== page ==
This is from a little treatise called, “The Challenge of the Present Crisis” by Harry E. Fosdick.  Written in response to the first world war.  Even more relevant after a second world war, the rapid increase of nuclear weapons, the growth of technology that makes taking lives easier and more remote, and as we are still in the longest war in US history.

"If religion has such a part to play in the program of internationalism, we, as Christians, are challenged to a searching examination of our faith and works, and to a fresh devotion to our cause.  One of the wisest and most picturesque explanations of the present crisis is attributed  to Bergson, the Frech philosopher.  He says, in effect, that the chief work of science has been to enlarge man’s body.  Telescopes and microscopes have increased the power of our eyes; telephones have stretched our hearing to some three thousand miles; telegraphs have made our voices sound around the earth; locomotives and steamship lines, better than the seven-league boots of ancient fable, have multiplied the speed and power of our feet; and French big guns have elongated the blows of our fists from two feet to twenty-five miles.  Man never had such a body since the world began.  The age of giants was nothing compared with this.  But man’s soul - there the failure lies.  We have not grown spirits great enough to handle our greatened bodies.  The splendid new power which science furnishes are still in the hands of the old sins - greed, selfish ambition, cruelty.  We must have a new access of moral vision and power or we are utteerly undone.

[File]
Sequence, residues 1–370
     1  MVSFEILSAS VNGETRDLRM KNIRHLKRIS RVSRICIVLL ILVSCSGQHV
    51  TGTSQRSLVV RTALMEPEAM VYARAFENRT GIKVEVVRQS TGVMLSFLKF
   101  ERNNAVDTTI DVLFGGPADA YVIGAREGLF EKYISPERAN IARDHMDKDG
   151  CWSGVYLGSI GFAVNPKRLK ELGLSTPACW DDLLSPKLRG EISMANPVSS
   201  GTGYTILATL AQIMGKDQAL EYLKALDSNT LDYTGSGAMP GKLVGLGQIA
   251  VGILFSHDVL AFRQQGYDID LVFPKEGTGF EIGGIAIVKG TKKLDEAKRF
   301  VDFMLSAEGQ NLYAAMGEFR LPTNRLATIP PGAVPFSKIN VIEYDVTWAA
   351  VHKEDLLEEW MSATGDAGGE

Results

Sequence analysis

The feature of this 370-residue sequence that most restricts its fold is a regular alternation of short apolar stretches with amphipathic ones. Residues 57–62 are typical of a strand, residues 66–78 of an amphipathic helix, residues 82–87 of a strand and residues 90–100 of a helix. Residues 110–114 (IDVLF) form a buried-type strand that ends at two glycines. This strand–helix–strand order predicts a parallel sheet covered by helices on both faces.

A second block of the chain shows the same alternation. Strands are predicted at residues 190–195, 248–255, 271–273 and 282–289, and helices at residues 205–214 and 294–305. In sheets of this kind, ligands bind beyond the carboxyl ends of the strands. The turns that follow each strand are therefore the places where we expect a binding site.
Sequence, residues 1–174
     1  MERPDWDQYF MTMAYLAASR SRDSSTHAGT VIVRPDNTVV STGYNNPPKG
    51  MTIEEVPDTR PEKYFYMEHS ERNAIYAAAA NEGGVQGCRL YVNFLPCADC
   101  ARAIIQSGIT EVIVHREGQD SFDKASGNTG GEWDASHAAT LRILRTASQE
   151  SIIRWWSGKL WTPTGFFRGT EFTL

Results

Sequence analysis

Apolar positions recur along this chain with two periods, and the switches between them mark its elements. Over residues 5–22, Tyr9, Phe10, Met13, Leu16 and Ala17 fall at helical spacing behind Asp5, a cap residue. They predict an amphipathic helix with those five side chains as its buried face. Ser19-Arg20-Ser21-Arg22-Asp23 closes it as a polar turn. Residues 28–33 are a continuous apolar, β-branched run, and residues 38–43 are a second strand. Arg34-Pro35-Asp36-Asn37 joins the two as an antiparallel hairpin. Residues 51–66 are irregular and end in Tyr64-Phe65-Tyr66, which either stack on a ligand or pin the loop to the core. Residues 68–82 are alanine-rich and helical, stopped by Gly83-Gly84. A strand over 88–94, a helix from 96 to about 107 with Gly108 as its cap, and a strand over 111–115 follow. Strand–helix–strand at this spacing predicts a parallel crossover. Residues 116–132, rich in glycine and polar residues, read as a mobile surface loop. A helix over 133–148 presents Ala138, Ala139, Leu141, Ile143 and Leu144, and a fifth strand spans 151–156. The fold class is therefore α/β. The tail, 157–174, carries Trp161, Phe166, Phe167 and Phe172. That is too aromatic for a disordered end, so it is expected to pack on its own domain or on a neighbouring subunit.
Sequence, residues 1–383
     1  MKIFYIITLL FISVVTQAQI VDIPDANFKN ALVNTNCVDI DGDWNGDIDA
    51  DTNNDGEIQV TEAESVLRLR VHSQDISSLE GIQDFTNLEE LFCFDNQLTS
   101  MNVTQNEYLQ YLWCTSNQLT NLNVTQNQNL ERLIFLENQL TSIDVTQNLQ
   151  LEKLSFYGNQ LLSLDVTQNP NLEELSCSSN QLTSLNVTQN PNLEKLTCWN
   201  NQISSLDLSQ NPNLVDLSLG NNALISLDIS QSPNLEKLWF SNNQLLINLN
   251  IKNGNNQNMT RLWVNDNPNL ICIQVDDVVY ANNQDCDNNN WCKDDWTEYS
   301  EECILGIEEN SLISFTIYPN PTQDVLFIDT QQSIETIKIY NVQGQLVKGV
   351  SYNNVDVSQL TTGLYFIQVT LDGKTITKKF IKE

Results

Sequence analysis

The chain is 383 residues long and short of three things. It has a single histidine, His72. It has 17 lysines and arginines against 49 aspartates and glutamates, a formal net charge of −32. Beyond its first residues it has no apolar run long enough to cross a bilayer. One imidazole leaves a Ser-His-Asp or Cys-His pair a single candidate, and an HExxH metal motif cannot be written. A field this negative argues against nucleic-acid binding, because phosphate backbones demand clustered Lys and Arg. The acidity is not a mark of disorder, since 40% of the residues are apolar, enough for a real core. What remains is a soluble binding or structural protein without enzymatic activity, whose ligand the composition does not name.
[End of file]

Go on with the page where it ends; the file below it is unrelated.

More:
"As a thoughtful Christian stands before the challenge he must repent, for himself and for the churches, the lamentable inadequacy of our organized religion to meet the crucial need.  This war will fail one of its most beneficent results if it does not drive the sense of shame into Christian churches with a poignancy that no excuses can palliate.  In the presence of abysmal need, we stand tithing "mint, dill, and cumin, and neglecting the weightier matters of the law: justice, mercy, and faithfulness."  We are challenged by this war to a renovation of our popular Christianity, to a deep and unrelenting detestation of the little bigotries, the needless divisions, the petty obscurantisms that so deeply curse our churches, to a new experience and a more intelligent expression of vital fellowship with God.  Unless we can answer that challenge, there is small use in our trying to answer any other.  We must have a great religion to meet a great need.

"The saddest aspect of Christian history is the misrepresentation of Christ and the spoiling of his influence, not by irreligious men but by the official exponents of religion.  The belittling of religion by it devotees is the most tragic narrative of Christendom."